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Tackling the global retirement benefits challenge

Insights from a global dialogue with senior executives of multinational companies

About the report

Why are retirement and pensions issues so challenging? Why is it that market-leading employers haven’t been able to tackle and resolve their issues in this space, despite in some cases decades of effort? And are the problems solvable or are they here to stay?

We spoke to leaders and decision makers at 30 major companies with pension commitments spanning more than 80 countries and territories and around $700 billion of defined benefit obligations to find out how they are addressing these issues.

Companies have an opportunity to get this right for the next generations, but they need to understand what role they will play and how to execute this in the new and changing employment landscape.

Raj Mody, Partner, PwC UK

Five key findings from our conversations with business leaders

Employers are willing to spend a significant amount of time and money (well beyond the statutory minimum) on retirement provision in the belief that it is a key part of overall remuneration. None of the companies we spoke with had a strict global policy of doing just the minimum required when it comes to retirement provision.

 

What employers want to avoid are the financial risks and legacy liabilities that are often created with retirement provision. Pension costs and the risk of unaffordable liabilities are still seen as major challenges, as they were in our 2014 survey. Companies feel the impact in financial reporting, M&A activity, dividend payments and debt levels.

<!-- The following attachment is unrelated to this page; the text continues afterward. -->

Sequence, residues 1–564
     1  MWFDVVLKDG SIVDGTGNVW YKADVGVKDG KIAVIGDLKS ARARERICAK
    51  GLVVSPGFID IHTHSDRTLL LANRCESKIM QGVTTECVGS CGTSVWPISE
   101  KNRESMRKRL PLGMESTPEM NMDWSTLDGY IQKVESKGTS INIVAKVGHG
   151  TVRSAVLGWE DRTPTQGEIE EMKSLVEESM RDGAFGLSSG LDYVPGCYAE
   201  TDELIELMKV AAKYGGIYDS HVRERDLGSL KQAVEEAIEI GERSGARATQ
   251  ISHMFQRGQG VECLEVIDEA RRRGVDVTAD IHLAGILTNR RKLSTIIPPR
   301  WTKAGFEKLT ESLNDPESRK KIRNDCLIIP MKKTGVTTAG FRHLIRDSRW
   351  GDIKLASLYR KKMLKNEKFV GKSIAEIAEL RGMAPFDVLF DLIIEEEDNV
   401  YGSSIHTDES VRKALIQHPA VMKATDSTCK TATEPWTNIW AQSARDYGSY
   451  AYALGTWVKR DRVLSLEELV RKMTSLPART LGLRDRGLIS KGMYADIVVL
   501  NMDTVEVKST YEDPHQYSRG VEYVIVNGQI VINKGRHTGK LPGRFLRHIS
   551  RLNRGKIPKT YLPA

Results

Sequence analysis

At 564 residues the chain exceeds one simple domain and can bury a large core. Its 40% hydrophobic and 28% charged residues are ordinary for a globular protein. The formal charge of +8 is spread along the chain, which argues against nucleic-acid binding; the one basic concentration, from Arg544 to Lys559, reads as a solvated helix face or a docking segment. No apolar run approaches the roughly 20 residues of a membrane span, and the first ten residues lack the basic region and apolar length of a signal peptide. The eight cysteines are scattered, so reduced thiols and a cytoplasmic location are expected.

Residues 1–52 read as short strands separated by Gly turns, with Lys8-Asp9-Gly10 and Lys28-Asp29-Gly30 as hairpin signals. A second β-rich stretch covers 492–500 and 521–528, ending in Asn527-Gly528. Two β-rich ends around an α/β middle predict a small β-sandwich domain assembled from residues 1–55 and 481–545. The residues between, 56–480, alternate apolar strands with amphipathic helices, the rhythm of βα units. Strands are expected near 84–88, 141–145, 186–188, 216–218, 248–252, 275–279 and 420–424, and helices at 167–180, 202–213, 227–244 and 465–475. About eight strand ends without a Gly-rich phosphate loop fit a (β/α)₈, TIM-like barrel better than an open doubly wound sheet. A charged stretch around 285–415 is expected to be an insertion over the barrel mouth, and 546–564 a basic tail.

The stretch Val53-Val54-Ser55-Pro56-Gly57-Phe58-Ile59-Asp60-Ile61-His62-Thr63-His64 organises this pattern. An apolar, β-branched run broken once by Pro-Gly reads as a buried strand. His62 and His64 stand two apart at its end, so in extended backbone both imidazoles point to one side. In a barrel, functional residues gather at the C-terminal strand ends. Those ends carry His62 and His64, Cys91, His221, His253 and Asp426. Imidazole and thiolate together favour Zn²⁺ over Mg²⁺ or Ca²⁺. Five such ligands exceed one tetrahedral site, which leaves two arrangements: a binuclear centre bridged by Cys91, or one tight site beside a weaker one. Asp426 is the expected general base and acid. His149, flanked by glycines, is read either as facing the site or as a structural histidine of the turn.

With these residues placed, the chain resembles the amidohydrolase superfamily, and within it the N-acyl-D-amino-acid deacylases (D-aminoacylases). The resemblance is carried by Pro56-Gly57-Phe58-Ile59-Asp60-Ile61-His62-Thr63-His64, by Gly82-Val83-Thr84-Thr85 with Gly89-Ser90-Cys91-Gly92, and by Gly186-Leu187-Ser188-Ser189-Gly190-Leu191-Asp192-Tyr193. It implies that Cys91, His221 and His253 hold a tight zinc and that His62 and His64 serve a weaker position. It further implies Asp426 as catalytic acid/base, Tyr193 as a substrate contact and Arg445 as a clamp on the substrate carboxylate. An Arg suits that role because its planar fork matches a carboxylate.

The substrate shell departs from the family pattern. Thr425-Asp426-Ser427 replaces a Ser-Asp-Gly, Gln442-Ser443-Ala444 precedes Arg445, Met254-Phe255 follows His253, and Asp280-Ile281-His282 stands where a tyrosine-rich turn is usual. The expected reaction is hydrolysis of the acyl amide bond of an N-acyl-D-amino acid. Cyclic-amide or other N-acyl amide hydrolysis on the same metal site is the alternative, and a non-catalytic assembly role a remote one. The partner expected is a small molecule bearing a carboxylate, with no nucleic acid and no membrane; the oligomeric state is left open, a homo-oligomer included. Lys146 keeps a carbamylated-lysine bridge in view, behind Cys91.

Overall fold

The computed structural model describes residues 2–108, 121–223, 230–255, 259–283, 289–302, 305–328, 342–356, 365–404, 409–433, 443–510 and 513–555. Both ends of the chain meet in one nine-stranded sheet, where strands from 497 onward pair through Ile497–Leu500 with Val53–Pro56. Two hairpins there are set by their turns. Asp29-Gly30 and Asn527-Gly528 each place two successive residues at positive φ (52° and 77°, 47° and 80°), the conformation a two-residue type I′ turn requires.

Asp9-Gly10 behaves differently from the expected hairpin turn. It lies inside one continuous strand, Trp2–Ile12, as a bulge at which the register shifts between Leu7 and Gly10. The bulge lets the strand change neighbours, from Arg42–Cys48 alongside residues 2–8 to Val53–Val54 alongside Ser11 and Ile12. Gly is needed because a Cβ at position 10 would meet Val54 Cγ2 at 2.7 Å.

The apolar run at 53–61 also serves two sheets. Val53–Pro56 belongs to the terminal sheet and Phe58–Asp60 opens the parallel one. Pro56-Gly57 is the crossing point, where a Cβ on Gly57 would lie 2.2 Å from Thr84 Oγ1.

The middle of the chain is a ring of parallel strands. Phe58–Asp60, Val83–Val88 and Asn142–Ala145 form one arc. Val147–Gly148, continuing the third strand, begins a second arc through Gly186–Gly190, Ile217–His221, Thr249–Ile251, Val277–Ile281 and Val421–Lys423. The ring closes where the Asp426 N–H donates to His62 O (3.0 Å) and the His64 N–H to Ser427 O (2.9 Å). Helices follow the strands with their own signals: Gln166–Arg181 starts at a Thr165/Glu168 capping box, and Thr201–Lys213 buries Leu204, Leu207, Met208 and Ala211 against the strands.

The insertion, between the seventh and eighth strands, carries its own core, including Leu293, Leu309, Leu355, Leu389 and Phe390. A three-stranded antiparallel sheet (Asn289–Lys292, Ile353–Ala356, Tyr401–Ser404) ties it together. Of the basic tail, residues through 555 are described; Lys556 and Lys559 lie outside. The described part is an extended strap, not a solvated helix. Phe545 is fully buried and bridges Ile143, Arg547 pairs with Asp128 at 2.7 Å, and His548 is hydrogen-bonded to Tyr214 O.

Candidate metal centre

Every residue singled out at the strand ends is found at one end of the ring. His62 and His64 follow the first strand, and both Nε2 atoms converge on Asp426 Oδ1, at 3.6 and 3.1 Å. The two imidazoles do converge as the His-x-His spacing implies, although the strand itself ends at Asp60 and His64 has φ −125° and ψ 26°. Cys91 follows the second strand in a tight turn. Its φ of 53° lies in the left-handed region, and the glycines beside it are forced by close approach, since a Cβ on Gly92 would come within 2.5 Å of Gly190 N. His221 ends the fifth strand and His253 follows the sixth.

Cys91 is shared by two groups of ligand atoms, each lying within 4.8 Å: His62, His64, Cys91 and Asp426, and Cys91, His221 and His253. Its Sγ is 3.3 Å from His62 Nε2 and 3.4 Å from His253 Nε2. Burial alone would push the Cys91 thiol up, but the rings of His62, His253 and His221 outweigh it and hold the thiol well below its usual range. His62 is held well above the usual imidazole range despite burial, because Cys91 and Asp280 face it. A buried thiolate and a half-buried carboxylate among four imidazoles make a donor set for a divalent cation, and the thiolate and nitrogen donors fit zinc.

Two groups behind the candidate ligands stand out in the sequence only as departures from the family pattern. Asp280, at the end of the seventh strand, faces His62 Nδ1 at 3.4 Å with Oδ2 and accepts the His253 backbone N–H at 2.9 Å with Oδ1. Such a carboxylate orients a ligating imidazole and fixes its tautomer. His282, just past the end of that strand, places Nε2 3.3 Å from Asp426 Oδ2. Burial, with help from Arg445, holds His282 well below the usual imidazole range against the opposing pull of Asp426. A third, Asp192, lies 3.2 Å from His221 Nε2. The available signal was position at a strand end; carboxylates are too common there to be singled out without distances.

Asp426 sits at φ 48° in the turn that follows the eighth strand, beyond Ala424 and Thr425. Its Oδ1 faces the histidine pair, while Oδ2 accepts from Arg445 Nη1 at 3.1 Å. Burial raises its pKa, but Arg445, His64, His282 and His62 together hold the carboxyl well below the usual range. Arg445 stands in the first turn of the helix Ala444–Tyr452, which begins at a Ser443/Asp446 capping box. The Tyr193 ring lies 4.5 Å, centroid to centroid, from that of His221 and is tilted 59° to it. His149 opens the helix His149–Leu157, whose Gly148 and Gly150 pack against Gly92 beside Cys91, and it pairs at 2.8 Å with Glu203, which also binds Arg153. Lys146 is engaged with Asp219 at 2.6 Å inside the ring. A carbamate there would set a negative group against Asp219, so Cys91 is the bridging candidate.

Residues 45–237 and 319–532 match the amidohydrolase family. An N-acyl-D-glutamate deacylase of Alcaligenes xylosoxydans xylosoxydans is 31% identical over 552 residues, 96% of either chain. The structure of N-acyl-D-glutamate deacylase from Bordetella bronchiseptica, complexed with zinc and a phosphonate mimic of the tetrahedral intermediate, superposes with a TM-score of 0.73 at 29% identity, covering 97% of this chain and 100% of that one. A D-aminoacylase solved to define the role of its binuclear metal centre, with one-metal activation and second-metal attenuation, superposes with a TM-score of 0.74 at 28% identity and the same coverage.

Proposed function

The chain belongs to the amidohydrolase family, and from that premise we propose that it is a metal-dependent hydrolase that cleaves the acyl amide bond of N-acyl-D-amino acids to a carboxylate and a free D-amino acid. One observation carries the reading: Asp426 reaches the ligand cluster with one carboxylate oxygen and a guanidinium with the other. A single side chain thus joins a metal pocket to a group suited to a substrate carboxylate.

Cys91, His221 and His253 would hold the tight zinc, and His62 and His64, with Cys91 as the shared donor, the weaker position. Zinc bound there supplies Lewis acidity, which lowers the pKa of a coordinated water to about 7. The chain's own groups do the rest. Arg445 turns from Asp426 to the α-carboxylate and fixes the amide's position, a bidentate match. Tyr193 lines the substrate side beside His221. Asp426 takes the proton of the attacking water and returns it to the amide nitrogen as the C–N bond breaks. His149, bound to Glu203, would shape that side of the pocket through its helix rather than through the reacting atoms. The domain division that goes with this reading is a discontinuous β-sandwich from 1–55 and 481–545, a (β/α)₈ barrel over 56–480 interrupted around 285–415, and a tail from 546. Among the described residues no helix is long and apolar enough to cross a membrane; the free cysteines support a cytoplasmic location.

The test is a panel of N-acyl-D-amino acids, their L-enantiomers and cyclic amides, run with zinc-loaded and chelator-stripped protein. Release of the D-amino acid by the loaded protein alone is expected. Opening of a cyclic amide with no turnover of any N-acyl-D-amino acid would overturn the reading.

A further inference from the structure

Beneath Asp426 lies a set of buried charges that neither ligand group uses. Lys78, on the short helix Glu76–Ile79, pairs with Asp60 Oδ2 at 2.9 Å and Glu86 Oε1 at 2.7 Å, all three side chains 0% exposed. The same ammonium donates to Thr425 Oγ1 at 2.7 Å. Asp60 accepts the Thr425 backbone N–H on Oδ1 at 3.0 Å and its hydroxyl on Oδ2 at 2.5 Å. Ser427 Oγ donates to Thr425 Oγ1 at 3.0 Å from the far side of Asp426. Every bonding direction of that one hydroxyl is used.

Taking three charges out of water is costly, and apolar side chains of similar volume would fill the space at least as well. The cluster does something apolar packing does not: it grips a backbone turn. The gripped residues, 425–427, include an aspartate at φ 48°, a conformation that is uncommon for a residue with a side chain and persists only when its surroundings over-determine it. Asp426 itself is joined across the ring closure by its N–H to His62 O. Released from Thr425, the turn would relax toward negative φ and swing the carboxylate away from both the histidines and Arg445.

To prevent a future crisis, employers are taking actions to assist today’s employees to save for retirement as well as managing employer-provided retirement provisions. However, most are not sure how to do both in a comprehensive and coordinated way that meets the company’s overall pension funding strategy.

 

Most companies doubt whether their advisers fully understand the unique requirements of their business and therefore whether they are adding sufficient value. Such doubts should lead to a “question everything” approach to all adviser spending: only holistic advice that looks at the entire retirement picture in the context of the overall business strategy provides real value.

 

Plan governance is not always where it should be and many employers feel that more needs to be done in this area to avoid any internal conflicts and legal or regulatory problems. A keen focus on the overall objectives of the company for its retirement provision means there is no one-size-fits-all approach for the right governance. Central will be the nature of the business and how labour-intensive it is or has been in the past.

Contact us

Raj Mody

Raj Mody

Global Leader for Retirement & Pensions, PwC United Kingdom

Tel: +44 (0) 79 7496 9320

Jim  McHale

Jim McHale

Principal, Retirement consulting, PwC United States

Tel: +1 (516) 650 7421